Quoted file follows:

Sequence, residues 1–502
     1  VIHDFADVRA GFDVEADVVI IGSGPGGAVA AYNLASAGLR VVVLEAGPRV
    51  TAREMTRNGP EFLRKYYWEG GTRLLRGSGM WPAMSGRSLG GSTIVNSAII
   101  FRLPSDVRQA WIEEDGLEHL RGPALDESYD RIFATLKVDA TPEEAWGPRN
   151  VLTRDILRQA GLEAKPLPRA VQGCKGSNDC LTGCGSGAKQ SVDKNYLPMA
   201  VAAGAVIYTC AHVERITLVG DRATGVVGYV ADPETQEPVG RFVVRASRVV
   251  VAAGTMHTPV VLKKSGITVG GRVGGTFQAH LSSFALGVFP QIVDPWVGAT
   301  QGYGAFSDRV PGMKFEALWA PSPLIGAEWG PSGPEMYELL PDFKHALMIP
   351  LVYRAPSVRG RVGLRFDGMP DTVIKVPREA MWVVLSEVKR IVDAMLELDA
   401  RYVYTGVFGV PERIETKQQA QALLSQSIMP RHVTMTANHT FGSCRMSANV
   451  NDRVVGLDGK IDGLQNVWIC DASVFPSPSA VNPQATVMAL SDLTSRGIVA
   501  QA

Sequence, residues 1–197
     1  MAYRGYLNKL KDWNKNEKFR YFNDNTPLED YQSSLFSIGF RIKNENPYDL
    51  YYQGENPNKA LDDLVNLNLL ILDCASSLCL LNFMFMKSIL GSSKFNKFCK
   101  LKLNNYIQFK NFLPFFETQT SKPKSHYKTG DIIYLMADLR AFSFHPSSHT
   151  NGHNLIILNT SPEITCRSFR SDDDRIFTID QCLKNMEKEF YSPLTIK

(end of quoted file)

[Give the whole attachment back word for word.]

Sequence, residues 1–502
     1  VIHDFADVRA GFDVEADVVI IGSGPGGAVA AYNLASAGLR VVVLEAGPRV
    51  TAREMTRNGP EFLRKYYWEG GTRLLRGSGM WPAMSGRSLG GSTIVNSAII
   101  FRLPSDVRQA WIEEDGLEHL RGPALDESYD RIFATLKVDA TPEEAWGPRN
   151  VLTRDILRQA GLEAKPLPRA VQGCKGSNDC LTGCGSGAKQ SVDKNYLPMA
   201  VAAGAVIYTC AHVERITLVG DRATGVVGYV ADPETQEPVG RFVVRASRVV
   251  VAAGTMHTPV VLKKSGITVG GRVGGTFQAH LSSFALGVFP QIVDPWVGAT
   301  QGYGAFSDRV PGMKFEALWA PSPLIGAEWG PSGPEMYELL PDFKHALMIP
   351  LVYRAPSVRG RVGLRFDGMP DTVIKVPREA MWVVLSEVKR IVDAMLELDA
   401  RYVYTGVFGV PERIETKQQA QALLSQSIMP RHVTMTANHT FGSCRMSANV
   451  NDRVVGLDGK IDGLQNVWIC DASVFPSPSA VNPQATVMAL SDLTSRGIVA
   501  QA

Sequence, residues 1–197
     1  MAYRGYLNKL KDWNKNEKFR YFNDNTPLED YQSSLFSIGF RIKNENPYDL
    51  YYQGENPNKA LDDLVNLNLL ILDCASSLCL LNFMFMKSIL GSSKFNKFCK
   101  LKLNNYIQFK NFLPFFETQT SKPKSHYKTG DIIYLMADLR AFSFHPSSHT
   151  NGHNLIILNT SPEITCRSFR SDDDRIFTID QCLKNMEKEF YSPLTIK